A-ha released a less slick version of the song in 1984, but redid the tune after it proved to be a commercial flop. And despite releasing a revised rendition in 1985, Waaktaar-Savoy says, “it took, like, four months to reach number one in America. And it felt like years. Every week it would go up a spot, up three spots
. It would pick up, then slow down. [It] was a whole process.”

They teamed up with director Steve Barron, who directed Michael Jackson’s Billie Jean, for a short-form piece that mixed live action with rotoscope animation — never before used in a music video. “It was a dream to work with talent like that,” Waaktaar-Savoy says of Barron. “Normally, videos took a week of shooting in a hangar. But for this, we did a whole day that was only to make the comic magazine. Then four months spent doing hand-drawn drawings. It was very thorough stuff.” Illustrator Mike Patterson drew more than 3,000 sketches for the final clip.

Weezer (2019)



Weezer had teamed with Calpurnia – the indie rock band led by Stranger Things‘ Finn Wolfhard – for a nostalgic new video for their cover of a-ha’s Take On Me. The track appears on Weezer’s self-titled covers record, also known as The Teal Album.

Jerry Garcia & the Grateful Dead (1977)

UNLOCKED! Enjoy The Grateful Dead Movie and please donate to Feeding America if you can.

Jerry Garcia directs this concert film of highlights from the five-night run at San Francisco’s Winterland Ballroom that capped off the Grateful Dead’s 1974 tour. The film is distinguished among concert films for its unusual focus on the band’s fans and their often extreme commitment to the Deadhead lifestyle. The documentary also features interviews with band members, including Jerry Garcia, Bob Weir, and Phil Lesh, and includes a short but lively recap of the group’s history.

Pink Floyd (1982)

The segment in the film version is a full-length animated sequence of vivid colour and disturbing visuals; the animation was originally designed for the album’s concert performances, before being reworked for the film adaptation. Political cartoonist Gerald Scarfe directed the design for the sequence.

Pink Floyd: The Wall is a 1982 musical film directed by Alan Parker, based on the 1979 Pink Floyd album The Wall. The screenplay was written by Pink Floyd vocalist and bassist Roger Waters. Bob Geldof plays rock star Pink, who, driven into insanity by the death of his father, constructs a physical and emotional wall to protect himself.

Like the album, the film is highly metaphorical, and symbolic imagery and sound are present most commonly. The film is mostly driven by music and does not feature much dialogue. The film is best known for its imagery of mental isolation, drug use, war, fascism, dark or disturbing animated sequences, sexual situations, violence and gore. Despite its turbulent production and the creators voicing their discontent about the final product, the film received generally positive reviews and has an established cult following.

Patrick Smith (1988)

“When we fell in with the Acid Tests, we started having the most fun we had ever had.”

Jerry Garcia

Interview by Joe Smith on May 23, 1988 by use of cassette tape, and recorded during the writing of Off the Record.

Hear the full interview catalog at The Library of Congress and check out blankonblank.org.

Music You Heard: Franklin’s Tower, Cream Puff War, Golden Road, and Friend of the Devil.

Run the Jewels featuring Boots (2015)

Killer Mike and El-P made their new RTJ4 album available in a bid to boost morale, citing the world as being “infected with bullshit” and concluding that their music might bring fans “some joy”.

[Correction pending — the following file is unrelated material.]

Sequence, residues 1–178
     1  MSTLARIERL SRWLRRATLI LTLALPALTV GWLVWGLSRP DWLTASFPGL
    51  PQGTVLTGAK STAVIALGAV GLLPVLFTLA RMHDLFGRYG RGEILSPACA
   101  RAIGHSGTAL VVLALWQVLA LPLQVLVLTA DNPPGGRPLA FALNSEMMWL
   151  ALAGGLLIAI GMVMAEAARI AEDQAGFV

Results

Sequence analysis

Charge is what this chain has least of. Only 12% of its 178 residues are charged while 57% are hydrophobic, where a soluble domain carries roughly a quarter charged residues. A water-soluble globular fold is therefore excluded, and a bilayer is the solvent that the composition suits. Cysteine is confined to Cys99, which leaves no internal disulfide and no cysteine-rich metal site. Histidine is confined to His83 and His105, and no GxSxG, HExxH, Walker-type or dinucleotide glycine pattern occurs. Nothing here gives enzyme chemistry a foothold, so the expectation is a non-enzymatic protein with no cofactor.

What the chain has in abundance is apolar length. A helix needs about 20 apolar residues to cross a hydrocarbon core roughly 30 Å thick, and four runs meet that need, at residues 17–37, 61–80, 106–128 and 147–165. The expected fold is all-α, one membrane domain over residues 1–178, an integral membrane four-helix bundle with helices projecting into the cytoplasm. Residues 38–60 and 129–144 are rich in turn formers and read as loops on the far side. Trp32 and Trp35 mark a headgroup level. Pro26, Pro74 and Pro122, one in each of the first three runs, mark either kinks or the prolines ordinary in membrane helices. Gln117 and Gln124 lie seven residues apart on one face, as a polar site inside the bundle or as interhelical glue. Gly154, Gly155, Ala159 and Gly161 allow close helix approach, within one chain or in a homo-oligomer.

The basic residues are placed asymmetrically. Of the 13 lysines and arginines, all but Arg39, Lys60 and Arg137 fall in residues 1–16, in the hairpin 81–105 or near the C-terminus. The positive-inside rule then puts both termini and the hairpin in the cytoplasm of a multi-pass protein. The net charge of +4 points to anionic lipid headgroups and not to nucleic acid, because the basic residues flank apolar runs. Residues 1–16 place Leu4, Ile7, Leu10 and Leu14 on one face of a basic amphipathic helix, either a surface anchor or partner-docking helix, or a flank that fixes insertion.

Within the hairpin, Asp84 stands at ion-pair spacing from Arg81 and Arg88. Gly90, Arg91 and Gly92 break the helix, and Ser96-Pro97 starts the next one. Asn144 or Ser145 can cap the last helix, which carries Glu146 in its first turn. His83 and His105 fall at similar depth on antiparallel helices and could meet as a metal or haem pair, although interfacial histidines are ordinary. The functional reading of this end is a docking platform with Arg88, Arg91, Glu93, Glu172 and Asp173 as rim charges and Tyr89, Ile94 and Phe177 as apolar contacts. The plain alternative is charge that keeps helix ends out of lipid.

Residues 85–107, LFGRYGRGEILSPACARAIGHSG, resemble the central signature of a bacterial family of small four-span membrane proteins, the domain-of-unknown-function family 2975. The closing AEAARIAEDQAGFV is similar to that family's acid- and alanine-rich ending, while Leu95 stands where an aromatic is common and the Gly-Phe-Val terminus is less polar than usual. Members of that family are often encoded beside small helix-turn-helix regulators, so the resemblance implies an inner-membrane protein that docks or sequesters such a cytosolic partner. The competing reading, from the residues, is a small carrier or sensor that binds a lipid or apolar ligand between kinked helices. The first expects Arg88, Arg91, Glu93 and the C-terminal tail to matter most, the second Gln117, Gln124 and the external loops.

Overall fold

El-P wrote in an Instagram post: “Fuck it, why wait. The world is infested with bullshit so here’s something raw to listen to while you deal with it all. We hope it brings you some joy. Stay safe and hopeful out there and thank you for giving 2 friends the chance to be heard and do what they love. With sincere love and gratitude, Jaime + Mike.”

Run the Jewels (2017)

Official music video for Don’t Get Captured by Run The Jewels, off the RTJ3 album.

El-P and Killer Mike of Run the Jewels are reborn as claymation characters in their new video for Don’t Get Captured, a grim meditation on abuses of power.

The two rappers are observers in the clip, rolling slowly through a dark, violent claymation landscape full of skeletons like in a haunted house. The skeleton world is ruled by a small cadre of self-satisfied politicians who wear top hats and smoke cigars. The video depicts gentrification, racial profiling by law enforcement and a biased court system that doles out lethal punishments. This gives extra force to Run the Jewels’ frequently repeated warning: “Don’t get captured.”

Directed by Chris Hopewell

Produced by Rosie Brind

Production Co: Jacknife Films

Executive Produced by Amaechi Uzoigwe

Killer Mike (2012)

The hyper-political R.A.P. Music track gets a hyper-political animated video.

Atlanta rapper Michael Santiago Render, known professionally as Killer Mike, released his sixth album this month. It’s called R.A.P. Music. The album’s title isn’t about hip-hop, per se, but refers to an acronym tweeted by another Georgian, a critic named Maurice Garland, two years ago. “He just put it up randomly: ‘Rap music is supposed to be Rebellious African People,’ ” Killer Mike told Morning Edition. “I said, ‘Yo, i’m naming my next album that.’ “

“First of all, all humanity is from Africa, and i think we’ve been trained to put color on it. But, in terms of the black people who were directly descended from Africa and brought here a few hundred years ago, that voice began in the fields as wailing, which turned into gospel. Gospel got secular and turned into blues, and blues got faster and became rock ‘n’ roll and became funk and became soul and R&B. What’s more American than young people speaking their mind over things they had to create over pots and pans and electronically because music was taken out of schools? What’s more American than making something out of nothing? What’s more gospel than rap music?”

Read the remainder of the NPR article here: https://www.npr.org/2012/06/19/155308252/killer-mike-on-ronald-reagan-and-raising-daughters

Modest Mouse (2009)

King Rat is a song by indie rock band Modest Mouse and appears as the title track to their fifth promotional single, following The World At Large. The single was later released on the band’s 2009 EP No One’s First, and You’re Next.